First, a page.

Now in its second year, Pike’s Corn Maze opened Sept. 19 to sunshine and warmth.
That was the family’s vision: Create a simple, relaxed outdoor space for kids to explore.
“We want people to relax in the sun and enjoy the good, old-fashioned fun that we all grew up with,” said co-owner Jena Vogtman, a 2007 Park Rapids Area High School (PRAHS) graduate.
2020 highlights include a eight-acre corn maze, petting zoo, hay rides, hay bale castle, mini-corn play pits and more.
Adjustments were made to minimize the risk of spreading the coronavirus, yet allow families to spend time in the open air.
In order to social distance for COVID-19, the large corn pit was modified into multiple, individual ones, utilizing large tractor tires. “It’s always one of the popular things with kids,” Vogtman said of the activity.
This year, Pike’s added a “spooky tree trail” to search for trees with not-so-spooky faces and a fairy house. The nature walk takes about 15 minutes at a leisurely pace, Vogtman said, adding “it was an easy one to add to space people out.”
Hay rides are limited to small groups.
The animal farm is another favorite, too, she said. Goats, donkeys and a new breed of cow greet youngsters. A reindeer is expected to make a guest appearance one day this fall as well.
“Most families spend 10 to 20 minutes at each activity, with one-and-a-half to two hours total at the farm,” Vogtman said.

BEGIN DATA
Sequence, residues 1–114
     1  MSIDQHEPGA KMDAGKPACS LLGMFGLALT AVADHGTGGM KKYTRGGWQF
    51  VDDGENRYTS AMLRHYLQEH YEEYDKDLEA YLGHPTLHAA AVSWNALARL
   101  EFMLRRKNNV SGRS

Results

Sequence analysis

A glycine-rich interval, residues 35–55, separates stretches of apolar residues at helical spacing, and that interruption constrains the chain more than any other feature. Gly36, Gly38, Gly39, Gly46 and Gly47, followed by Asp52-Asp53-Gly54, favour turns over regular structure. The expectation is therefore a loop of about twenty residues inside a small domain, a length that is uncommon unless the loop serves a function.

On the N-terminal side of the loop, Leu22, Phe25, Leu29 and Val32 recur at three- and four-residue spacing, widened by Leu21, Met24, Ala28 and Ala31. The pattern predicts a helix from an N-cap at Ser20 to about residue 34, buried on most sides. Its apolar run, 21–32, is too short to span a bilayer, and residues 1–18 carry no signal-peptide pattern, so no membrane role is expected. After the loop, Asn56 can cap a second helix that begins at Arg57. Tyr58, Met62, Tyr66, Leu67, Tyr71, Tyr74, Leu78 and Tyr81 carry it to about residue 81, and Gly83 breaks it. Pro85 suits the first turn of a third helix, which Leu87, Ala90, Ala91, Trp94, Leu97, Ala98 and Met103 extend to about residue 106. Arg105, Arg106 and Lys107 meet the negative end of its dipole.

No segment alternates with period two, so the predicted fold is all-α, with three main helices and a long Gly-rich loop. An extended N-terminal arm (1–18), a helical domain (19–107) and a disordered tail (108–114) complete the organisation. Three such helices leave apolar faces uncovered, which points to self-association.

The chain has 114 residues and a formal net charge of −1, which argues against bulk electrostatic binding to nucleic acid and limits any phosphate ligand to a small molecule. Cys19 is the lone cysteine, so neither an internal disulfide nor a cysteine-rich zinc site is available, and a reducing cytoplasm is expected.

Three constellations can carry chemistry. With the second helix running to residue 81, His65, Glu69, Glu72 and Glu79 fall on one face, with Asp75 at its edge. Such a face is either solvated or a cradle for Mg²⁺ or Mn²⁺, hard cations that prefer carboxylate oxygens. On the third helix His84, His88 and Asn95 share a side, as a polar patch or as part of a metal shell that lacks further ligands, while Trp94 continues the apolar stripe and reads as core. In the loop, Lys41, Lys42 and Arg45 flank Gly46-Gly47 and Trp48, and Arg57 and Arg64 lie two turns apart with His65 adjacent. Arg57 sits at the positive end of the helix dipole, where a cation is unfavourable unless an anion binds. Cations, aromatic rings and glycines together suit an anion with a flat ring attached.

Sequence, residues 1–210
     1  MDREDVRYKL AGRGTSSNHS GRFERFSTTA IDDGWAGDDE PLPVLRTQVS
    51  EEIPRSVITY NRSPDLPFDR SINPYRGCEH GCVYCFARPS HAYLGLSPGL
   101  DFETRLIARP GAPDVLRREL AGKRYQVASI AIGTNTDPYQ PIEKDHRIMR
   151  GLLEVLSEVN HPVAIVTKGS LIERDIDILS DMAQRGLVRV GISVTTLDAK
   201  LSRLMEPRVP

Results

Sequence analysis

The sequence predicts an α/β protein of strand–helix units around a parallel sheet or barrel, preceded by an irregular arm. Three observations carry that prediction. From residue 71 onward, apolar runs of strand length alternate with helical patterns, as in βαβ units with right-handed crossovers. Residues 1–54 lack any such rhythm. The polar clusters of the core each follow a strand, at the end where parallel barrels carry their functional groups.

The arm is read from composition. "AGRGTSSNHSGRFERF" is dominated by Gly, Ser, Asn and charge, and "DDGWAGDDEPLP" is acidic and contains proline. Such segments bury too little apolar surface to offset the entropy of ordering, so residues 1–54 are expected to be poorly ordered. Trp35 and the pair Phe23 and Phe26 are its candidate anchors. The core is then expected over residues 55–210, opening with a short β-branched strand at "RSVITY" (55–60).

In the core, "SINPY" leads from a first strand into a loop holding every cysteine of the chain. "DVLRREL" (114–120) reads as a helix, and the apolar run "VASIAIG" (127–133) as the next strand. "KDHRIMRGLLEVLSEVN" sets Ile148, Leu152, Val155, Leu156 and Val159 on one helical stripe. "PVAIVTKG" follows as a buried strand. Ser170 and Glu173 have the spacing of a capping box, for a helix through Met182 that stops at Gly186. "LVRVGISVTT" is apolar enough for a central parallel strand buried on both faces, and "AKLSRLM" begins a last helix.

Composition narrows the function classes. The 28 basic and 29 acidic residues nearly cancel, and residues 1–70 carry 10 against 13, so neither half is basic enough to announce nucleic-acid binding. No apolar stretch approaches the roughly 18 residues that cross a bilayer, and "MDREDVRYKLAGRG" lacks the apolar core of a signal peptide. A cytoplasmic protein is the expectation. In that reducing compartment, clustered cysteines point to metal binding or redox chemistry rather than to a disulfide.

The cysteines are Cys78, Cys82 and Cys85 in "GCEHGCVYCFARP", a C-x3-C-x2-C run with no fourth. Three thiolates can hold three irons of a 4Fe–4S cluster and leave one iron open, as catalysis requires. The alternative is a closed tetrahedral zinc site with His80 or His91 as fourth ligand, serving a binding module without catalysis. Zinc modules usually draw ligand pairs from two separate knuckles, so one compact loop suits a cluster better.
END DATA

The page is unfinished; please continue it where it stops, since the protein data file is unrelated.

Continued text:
Pike’s Corn Maze is definitely a family affair. Jena and husband Dean, a 2001 PRAHS graduate, purchased the property at 16303 Dovetail Road. Their son, Henry, plays host to the other kids who visit the farm.
Jena grew up on a farm in the Hubbard Prairie. Her parents are Jay and Marlene Pike, who co-own Pike's Corn Maze. Her brother, Nate Pike, helps with the hay bales and animals. He’s renowned for Pike’s sweet corn. He originally started Pike's Corn Maze in 2015 at his farm on the Hubbard Prairie. The event moved closer to town two years ago.
Four generations picked the pumpkins, gourds and squash that are for sale in a heated building.
“It’s really an extended family project,” Jena said.
The 200-acre property is half wooded and half field and homestead. Her great-grandfather used to have minnow ponds near where the land adjoins the Fish Hook River. Dean used to hunt across the road.
“It felt like home when we got here,” Jena said.
Located two miles south of Hwy. 34 on County Road 6, Pike’s Corn Maze is open every Saturday and Sunday from 10 a.m. to 6 p.m. through Oct. 25. They will also be open on Thursday and Friday, Oct. 15-16 due to MEA weekend.
More information is available at https://www.facebook.com/pikescornmaze.